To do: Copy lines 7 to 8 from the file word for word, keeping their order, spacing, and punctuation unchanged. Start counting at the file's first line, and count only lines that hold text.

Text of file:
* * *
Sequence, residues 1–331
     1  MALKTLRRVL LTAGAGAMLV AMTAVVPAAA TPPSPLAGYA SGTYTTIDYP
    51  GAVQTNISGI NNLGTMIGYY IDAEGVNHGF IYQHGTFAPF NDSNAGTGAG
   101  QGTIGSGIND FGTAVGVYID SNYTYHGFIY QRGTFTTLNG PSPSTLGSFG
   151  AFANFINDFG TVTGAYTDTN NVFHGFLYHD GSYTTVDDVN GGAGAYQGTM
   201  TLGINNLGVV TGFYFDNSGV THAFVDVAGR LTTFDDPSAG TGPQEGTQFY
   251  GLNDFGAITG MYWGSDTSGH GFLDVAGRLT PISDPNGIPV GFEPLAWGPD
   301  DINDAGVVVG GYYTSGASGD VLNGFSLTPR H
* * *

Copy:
   251  GLNDFGAITG MYWGSDTSGH GFLDVAGRLT PISDPNGIPV GFEPLAWGPD
   301  DINDAGVVVG GYYTSGASGD VLNGFSLTPR H